Photographers have a problem when it comes to social media: The hard sell is dead. This is proven true by studies such as like Google’s Zero Moment of Truth, which shows that people now self-direct buying decisions online for everything from cartons of milk to cars and enterprise data storage. The result? More and more, we are listening to salespeople less and less.
Successful salespeople are no longer extroverted, gun-slinging clichés. They’re ambiverts‚ people with personalities balanced between introverted and extroverted. They listen first and then solve customers’ problems from the position of trusted consultant. And, according to Wharton Research cited in the book To Sell Is Human, ambiverts sell 25% more than their colleagues.
Now, let’s turn our attention to photographers who use social media to hard sell, of which there are many. The social media hard sell occurs when we treat our photography like it’s more important than our customers. This is what happens when our photography becomes the substance of our online presence.
First, a couple of Caveats
The result, unfortunately, is that we hinder the goals we go online with in the first place – to attract customers. This is tough to swallow for many photographers, I know, so bear in mind the following caveats:
First, if you’re not interested in selling photographs, photography products or services online, this blog post doesn’t apply.
Second, sharing our work is a way to learn and stay energized. Community is important in this regard, and social media is a great way to connect with peers. This blog post in no way means to discount this element of connection, support,and inspiration.
However, if you seek to attract customers online, this blog post absolutely discounts the bad habit of shot-gunning photographs into social streams day in and day out. To those photographers for which this rings familiar, take note: the hard sell is dead.
We Now Self-Direct Our Buying Decisions
Research like ZMOT shows us that consumers now self-direct purchasing decisions by conducting web searches, reading blog posts and third-party reviews, seeking advice from forums and social circles, downloading product information from websites and comparison shopping. The list goes on.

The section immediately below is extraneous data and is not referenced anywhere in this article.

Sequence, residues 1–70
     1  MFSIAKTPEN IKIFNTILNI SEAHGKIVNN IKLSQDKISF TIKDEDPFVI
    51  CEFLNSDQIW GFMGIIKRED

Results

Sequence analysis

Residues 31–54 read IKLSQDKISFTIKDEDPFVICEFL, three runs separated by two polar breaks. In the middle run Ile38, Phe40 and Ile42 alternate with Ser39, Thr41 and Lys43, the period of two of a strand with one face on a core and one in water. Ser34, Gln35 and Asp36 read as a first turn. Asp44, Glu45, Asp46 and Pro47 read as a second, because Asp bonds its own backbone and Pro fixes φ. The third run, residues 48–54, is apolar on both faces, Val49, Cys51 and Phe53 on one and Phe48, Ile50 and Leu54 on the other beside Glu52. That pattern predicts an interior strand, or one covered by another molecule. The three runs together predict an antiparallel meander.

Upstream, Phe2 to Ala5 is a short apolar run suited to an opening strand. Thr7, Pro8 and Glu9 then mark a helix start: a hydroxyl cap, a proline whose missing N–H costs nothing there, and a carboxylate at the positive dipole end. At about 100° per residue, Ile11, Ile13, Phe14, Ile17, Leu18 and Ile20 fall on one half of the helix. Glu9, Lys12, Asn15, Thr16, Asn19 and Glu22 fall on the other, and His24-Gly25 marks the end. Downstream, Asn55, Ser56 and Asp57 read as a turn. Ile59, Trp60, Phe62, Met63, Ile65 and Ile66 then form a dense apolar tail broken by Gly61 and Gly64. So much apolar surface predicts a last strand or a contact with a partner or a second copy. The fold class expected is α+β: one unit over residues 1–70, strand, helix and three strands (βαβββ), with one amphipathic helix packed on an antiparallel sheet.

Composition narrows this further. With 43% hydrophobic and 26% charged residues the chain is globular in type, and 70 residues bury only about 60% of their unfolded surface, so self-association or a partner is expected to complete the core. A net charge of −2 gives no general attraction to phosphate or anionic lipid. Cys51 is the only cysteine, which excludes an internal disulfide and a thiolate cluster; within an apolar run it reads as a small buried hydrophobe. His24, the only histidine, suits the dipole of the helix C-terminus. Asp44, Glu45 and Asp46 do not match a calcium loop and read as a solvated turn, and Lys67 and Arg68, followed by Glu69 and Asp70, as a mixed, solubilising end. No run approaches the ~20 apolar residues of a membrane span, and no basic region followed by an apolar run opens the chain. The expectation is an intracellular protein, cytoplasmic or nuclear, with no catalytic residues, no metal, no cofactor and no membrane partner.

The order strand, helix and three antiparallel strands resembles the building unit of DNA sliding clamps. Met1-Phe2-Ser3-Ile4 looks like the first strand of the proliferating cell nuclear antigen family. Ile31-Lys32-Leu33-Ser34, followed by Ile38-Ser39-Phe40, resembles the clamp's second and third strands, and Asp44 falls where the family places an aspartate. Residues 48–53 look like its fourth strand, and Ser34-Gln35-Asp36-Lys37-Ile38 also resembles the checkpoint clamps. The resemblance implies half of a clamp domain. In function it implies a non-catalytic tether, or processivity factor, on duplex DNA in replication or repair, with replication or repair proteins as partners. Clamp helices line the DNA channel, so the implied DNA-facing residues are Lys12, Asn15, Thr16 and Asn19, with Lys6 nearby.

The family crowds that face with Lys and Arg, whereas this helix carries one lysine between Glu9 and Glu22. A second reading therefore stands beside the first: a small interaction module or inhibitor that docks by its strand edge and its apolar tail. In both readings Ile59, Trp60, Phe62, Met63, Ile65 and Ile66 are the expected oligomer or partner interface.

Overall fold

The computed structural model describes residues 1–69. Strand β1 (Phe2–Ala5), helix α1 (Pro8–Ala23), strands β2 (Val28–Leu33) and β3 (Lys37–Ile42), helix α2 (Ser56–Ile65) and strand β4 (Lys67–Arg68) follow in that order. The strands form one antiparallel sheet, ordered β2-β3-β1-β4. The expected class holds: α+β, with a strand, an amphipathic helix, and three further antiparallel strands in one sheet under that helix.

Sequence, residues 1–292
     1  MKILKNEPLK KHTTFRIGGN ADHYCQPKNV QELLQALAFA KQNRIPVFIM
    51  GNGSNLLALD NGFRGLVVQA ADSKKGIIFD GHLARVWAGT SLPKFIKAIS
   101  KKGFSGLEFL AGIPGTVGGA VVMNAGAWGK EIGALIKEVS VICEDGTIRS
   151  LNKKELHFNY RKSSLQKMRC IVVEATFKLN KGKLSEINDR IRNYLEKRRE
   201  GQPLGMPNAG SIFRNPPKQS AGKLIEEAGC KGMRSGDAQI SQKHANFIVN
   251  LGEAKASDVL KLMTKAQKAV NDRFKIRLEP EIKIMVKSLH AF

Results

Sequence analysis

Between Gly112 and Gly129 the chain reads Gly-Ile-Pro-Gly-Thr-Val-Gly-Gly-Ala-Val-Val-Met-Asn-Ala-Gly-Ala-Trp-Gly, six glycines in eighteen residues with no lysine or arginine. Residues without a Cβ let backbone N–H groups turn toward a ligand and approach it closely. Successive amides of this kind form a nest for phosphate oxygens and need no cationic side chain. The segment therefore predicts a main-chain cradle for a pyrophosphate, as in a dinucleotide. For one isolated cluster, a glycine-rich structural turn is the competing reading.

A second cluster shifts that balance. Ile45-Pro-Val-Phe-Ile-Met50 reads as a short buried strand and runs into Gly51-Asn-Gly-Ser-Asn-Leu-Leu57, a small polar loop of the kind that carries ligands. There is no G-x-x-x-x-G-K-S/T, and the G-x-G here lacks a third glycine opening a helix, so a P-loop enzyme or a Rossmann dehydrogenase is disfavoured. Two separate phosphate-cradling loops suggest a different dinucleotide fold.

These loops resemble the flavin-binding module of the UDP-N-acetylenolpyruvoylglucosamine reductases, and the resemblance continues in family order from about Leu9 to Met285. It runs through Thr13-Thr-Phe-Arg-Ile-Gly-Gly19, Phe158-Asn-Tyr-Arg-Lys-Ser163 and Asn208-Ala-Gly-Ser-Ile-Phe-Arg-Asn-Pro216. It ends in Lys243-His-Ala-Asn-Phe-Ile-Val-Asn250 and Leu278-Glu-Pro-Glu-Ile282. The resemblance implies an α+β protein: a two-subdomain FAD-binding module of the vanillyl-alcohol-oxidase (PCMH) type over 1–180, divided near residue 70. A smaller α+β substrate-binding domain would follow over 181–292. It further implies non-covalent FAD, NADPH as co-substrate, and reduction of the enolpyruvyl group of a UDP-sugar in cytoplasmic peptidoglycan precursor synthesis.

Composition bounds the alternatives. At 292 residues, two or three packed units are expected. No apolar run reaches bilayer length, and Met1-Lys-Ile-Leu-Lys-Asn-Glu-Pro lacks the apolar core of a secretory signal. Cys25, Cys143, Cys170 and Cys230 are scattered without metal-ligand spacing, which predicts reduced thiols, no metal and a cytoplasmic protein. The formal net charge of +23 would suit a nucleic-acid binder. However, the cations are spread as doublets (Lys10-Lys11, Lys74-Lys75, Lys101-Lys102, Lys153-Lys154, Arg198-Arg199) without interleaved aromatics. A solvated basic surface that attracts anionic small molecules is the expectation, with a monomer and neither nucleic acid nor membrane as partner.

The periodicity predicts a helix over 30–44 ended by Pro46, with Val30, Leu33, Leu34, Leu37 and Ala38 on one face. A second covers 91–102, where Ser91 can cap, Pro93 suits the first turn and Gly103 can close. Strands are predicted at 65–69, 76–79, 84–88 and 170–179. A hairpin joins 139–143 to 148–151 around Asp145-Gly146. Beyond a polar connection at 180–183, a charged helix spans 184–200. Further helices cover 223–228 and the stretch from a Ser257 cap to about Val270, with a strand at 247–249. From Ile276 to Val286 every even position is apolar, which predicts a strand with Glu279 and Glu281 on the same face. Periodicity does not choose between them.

Perhaps, though, you’re thinking that this doesn’t apply to you.
If so, do this: Search Google for the photography-related wares that you sell (or want to sell). When you do, use a refined, or long tail, search term. For example, don’t search for “wedding photographer.” Instead, search for “journalistic wedding photographer Portland Oregon.”
On your search engine results page (SERP), turn personalized search results off. In the upper right corner of the SERP is a button with a globe icon. Hover your mouse pointer over it to see the text “Hide personal results.” Go ahead and turn personalized results off by clicking this button.
Now, in the listings, see anything that looks like what you sell? Then guess what? People are searching for what you sell.
The Customer Journey
Let’s back up a step. The self-directed buying behavior described above represents a process of learning, fueled by information. The customer journey occurs in stages, each marked by distinct types of information, and begins when we recognize a need. For example, imagine a scenario in which a woman decides to improve her photography. At the outset of her customer journey, she doesn’t know what she needs to accomplish this, only that she wants to improve. She enters the customer journey’s next stage as she begins to understand her need. She finds a few possible solutions: books about technique, an online course on composition, a photography MeetUp, even a handful of local workshops.
Eventually, she’ll make a purchasing decision. She’ll do this by narrowing possible solutions to the one best suited to her needs and budget. She’ll use the information gathered on her customer journey to make this decision.
Now, let’s circle back to a notion put forward earlier: The social media hard sell occurs when we make our photographs the substance of our online presence.
In the scenario where a woman begins a journey to improve her photography, how does a constant stream of photographs uploaded to Twitter, Facebook, and elsewhere help her to understand her need?
The simple answer is that it doesn’t. The obvious result is that she won’t find the photographer who possesses a solution, but who practices the hard sell online.
How to Become A Social Media Ambivert
To become a social media ambivert – to attract customers online – do the following:
- Learn about your customers. Before selling, successful salespeople listen. You can do this, too. Only when we understand our customer’s needs can we help make them informed buying decisions.
- Create content that helps people make decisions. Successful salespeople provide tailored solutions. You can, too, with awesome, helpful, well-written, informative content you publish online. Inform this content by listening to questions people ask to understand their needs and potential solutions. The benefit to you? The customer journey will lead people to your website.
- Follow social media’s 80/30 rule. 80 percent of the time, talk with people online. Use social media for what it is, a two-way communication tool. Don’t focus on your needs by sharing your photographs. Share information that helps people with their needs. With the other 20%, your time, share your work, a story, a joke … be yourself.